Within two months, Class Central had received over 10 million visits and sent over six million clicks to MOOC providers. These learners also turned out to be more engaged than usual. In April 2020, MOOC providers Coursera, edX and FutureLearn attracted as many new users in a single month as they did in the entirety of 2019.

.

From DSC:
The pieces continue to come together…

Learning from the living class room

...team-based content creation and delivery will dominate in the future (at least for the masses). It will offer engaging, personalized learning and the AI-based systems will be constantly scanning for the required/sought-after skills and competencies. The systems will then present a listing of items that will help people obtain those skills and competencies.

#AI #LearningProfiles #Cloud #LearningFromTheLivingClassRoom #LearningEcosystems #LearningSpaces #21stCentury #24x7x365 #Reinvent #Surviving #StayingRelevant #LifeLongLearning and many more tags/categories are applicable here.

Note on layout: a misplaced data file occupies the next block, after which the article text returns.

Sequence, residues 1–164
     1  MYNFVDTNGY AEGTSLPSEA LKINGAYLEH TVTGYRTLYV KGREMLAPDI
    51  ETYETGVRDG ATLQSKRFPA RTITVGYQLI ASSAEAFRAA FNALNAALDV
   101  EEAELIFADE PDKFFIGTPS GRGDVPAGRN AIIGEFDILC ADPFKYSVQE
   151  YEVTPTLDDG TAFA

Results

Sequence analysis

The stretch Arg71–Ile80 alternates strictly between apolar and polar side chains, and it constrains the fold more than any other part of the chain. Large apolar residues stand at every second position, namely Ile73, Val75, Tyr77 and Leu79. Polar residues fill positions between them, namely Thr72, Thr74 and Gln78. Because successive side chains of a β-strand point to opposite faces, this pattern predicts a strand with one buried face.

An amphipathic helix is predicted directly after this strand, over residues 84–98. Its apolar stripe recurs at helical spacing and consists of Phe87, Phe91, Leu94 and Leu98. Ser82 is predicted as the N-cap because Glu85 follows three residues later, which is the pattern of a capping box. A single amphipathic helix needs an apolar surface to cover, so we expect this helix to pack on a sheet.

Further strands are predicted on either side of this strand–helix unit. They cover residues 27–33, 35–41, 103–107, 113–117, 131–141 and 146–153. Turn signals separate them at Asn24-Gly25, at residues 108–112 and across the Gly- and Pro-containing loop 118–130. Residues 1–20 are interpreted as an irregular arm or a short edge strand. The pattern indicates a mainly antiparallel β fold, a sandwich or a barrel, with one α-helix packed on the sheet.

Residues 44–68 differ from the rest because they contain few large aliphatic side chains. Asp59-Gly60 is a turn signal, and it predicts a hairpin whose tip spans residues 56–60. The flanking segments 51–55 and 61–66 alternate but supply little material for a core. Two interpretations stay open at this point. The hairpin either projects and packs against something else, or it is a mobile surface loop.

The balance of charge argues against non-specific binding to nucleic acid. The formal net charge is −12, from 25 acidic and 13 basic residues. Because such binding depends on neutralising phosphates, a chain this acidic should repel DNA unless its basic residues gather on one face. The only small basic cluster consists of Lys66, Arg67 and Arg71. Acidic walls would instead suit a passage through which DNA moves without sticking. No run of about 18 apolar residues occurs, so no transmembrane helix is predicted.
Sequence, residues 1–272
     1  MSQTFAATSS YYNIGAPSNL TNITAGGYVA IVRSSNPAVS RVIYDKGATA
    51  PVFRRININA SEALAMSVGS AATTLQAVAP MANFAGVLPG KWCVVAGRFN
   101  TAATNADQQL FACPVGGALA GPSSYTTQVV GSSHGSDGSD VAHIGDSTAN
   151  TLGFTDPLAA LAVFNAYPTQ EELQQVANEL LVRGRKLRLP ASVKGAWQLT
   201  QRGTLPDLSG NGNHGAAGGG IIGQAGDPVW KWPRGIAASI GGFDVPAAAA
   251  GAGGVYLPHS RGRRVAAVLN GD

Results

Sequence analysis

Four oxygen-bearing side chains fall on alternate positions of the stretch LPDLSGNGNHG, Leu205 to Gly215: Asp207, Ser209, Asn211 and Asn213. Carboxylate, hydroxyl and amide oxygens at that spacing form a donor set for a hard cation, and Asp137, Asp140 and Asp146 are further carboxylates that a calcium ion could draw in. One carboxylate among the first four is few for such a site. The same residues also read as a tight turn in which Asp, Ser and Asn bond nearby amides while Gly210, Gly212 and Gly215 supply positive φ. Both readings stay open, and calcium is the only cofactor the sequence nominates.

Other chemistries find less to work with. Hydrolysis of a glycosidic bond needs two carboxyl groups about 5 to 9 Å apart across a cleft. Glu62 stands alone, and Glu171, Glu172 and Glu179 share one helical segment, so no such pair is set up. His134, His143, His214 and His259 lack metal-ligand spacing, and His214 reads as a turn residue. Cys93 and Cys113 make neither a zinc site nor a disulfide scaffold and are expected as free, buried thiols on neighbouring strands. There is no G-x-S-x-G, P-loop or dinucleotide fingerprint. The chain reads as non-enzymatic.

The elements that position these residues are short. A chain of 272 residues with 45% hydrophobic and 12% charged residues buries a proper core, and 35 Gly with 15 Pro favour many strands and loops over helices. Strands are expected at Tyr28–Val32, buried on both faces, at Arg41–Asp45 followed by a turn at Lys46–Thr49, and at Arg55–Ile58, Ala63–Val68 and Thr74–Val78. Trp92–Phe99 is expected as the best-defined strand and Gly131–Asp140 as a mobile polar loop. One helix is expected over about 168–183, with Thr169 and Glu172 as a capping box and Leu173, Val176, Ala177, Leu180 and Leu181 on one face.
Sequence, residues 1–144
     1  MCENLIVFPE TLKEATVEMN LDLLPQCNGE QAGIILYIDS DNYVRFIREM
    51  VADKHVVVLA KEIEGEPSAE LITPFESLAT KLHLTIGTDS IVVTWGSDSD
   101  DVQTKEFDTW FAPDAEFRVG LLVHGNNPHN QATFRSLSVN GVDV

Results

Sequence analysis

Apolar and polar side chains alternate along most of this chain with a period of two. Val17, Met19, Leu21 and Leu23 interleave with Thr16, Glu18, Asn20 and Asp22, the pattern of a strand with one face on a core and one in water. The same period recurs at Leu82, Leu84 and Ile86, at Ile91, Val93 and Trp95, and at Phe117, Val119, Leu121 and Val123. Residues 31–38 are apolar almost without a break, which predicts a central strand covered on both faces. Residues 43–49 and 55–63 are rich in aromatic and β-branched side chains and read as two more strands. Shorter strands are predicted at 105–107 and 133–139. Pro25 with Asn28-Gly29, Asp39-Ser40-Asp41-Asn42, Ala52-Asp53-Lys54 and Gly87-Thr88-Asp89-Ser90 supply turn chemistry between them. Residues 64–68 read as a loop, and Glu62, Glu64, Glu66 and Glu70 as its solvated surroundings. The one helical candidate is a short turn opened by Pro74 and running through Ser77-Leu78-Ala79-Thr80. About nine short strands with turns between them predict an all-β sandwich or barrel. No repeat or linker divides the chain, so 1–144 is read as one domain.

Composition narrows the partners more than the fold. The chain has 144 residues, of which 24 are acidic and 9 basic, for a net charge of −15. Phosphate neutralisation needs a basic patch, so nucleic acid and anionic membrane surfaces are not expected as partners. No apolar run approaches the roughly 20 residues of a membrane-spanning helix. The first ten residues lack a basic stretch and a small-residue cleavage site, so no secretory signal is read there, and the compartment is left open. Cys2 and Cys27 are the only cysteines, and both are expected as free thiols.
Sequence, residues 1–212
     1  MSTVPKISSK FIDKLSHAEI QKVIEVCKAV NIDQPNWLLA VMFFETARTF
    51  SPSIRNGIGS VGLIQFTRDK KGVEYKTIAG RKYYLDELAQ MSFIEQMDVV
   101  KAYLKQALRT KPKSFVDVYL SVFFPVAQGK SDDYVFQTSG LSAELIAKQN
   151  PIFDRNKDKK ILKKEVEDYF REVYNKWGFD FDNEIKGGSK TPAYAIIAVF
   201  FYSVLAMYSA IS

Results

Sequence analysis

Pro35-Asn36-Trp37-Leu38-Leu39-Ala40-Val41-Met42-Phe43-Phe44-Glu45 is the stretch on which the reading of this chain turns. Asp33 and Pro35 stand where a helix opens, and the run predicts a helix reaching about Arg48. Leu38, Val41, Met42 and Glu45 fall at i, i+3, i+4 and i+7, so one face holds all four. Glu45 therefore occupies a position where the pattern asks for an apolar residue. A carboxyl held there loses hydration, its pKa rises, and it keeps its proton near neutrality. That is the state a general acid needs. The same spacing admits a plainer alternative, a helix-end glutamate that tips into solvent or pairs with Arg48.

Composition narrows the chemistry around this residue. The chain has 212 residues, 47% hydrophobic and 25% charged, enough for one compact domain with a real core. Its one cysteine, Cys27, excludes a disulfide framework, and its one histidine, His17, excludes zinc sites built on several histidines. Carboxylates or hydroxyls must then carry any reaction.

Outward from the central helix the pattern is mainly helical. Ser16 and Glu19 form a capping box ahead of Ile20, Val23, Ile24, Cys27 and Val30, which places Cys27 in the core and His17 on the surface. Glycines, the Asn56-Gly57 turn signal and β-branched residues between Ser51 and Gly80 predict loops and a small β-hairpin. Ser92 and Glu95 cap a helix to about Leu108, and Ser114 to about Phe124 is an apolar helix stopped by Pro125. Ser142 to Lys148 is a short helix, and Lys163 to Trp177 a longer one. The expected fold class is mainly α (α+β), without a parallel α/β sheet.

Top 5 legal technology stories of 2020 — from abajournal.com by Nicole Black

Excerpts:

  1. The unprecedented transition to remote work
  2. Videoconferencing became the norm
  3. #Barpocalypse
  4. Legal tech wealth
  5. Utah and Arizona allow nonlawyer ownership of law firms
 

Marian Croak, the inventor of VOIP, explains what it takes to innovate

The woman who created the technology behind internet calls explains what it takes to innovate — from bigthink.com by Gayle Markovitz
She’s the reason you’re able to work and chat from home.

Excerpt (emphasis DSC):

If you’ve ever wondered how a Zoom call works, you might want to ask Marian Croak, Vice-President of Engineering at Google.

This is the woman who invented “Voice over Internet Protocol”: the technology that has enabled entire workforces to continue to communicate and families and friends to remain in touch throughout 2020’s lockdowns – and inevitably beyond.